Traditionally, marking public or private property is considered vandalism, but as the Generation Y-ers grow restless and stigmas are replaced, a new phase of acceptance may have evolved.
Yet some still wonder whether this highly contested pop culture existence will have to be hidden from the general public. Artists hope graffiti and tagging, the name for images or lettering painted or sprayed into public buildings, will be considered a higher expression of art, a post-graffiti stage of street art?
An Outlet for Expression
Jon Hain, owner of Mother Fool’s Coffeehouse on Wily Street, believes that it can. Mother Fool’s Coffeehouse was granted permission by the city of Madison in 2001 to have a rotating wall with temporary graffiti art on the eastern side of their building. This piece is always temporary, as it is painted over monthly in the winter and weekly during the summer. (...) The wall at Mother Fool’s does not come without restrictions, though. Before the city approved the project, Hain, Don Wettach, a local artist, and the neighborhood alderperson, Judy Olson, worked out a criterion for the artists using the wall. It included no violent imagery, no profanity, no commercial messages and no sexist or racist imagery. (...)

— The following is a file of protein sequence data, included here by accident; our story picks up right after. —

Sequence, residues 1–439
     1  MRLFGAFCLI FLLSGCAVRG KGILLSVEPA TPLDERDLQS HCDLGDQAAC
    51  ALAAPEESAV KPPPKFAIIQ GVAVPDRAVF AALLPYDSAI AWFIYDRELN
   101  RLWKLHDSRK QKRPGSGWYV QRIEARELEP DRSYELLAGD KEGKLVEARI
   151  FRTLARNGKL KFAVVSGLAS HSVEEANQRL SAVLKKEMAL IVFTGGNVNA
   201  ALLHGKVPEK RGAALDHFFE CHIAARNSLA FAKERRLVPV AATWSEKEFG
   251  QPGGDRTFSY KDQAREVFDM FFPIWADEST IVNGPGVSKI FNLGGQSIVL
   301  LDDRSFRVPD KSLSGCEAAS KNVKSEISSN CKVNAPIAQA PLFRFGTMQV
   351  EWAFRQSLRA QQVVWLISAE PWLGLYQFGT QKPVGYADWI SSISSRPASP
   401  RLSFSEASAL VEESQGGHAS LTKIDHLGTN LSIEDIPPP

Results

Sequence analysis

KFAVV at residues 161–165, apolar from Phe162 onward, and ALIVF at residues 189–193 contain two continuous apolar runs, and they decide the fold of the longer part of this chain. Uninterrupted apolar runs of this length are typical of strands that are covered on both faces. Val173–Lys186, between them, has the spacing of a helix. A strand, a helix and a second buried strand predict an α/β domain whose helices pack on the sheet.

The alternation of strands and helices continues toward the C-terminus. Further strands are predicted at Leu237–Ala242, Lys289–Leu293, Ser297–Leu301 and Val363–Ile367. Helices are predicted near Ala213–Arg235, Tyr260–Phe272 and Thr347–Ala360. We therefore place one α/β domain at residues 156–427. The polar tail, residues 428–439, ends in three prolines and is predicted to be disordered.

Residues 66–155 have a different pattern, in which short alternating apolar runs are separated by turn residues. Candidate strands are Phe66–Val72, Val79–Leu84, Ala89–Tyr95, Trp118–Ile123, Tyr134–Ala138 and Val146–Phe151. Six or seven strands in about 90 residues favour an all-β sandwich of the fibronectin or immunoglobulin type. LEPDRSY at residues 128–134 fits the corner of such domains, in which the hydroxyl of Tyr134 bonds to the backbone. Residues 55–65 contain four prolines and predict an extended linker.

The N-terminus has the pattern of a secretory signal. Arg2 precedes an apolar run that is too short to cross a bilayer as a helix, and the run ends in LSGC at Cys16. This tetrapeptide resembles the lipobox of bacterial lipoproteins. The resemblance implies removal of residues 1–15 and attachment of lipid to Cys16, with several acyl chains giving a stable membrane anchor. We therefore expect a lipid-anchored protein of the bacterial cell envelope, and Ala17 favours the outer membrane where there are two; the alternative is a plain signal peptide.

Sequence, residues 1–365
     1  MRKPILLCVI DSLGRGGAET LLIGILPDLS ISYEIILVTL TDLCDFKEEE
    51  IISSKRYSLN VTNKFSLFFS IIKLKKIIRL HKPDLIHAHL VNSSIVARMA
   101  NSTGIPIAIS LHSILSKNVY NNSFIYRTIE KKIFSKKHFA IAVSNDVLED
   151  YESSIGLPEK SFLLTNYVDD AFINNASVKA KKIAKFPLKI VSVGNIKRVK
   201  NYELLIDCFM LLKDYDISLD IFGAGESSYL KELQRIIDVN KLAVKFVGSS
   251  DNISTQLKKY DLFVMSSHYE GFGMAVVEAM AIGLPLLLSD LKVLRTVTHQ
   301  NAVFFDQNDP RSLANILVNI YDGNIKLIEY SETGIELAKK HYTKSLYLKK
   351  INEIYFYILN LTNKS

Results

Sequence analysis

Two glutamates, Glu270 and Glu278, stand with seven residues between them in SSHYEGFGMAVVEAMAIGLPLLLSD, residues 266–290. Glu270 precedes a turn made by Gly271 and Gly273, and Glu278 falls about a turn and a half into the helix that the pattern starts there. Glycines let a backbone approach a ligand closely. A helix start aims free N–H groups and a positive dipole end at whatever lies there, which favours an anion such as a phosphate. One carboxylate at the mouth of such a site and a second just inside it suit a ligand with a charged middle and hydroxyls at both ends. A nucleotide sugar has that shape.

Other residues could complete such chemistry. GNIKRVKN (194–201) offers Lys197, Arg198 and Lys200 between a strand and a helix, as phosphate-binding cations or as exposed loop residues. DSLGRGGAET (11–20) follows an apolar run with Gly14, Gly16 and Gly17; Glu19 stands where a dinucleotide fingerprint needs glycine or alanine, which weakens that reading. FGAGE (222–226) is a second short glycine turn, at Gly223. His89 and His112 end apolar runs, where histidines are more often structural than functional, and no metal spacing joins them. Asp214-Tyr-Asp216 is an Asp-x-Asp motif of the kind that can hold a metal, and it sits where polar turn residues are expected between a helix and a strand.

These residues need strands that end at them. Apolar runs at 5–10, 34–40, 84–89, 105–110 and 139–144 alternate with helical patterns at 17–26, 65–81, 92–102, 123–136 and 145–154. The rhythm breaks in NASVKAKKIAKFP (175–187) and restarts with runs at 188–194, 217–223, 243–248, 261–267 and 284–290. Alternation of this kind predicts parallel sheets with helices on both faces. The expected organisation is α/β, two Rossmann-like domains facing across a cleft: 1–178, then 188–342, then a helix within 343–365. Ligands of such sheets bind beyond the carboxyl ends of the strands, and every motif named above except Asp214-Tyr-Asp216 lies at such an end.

[ Read on at the source: Daily Cardinal, Madison,WI ]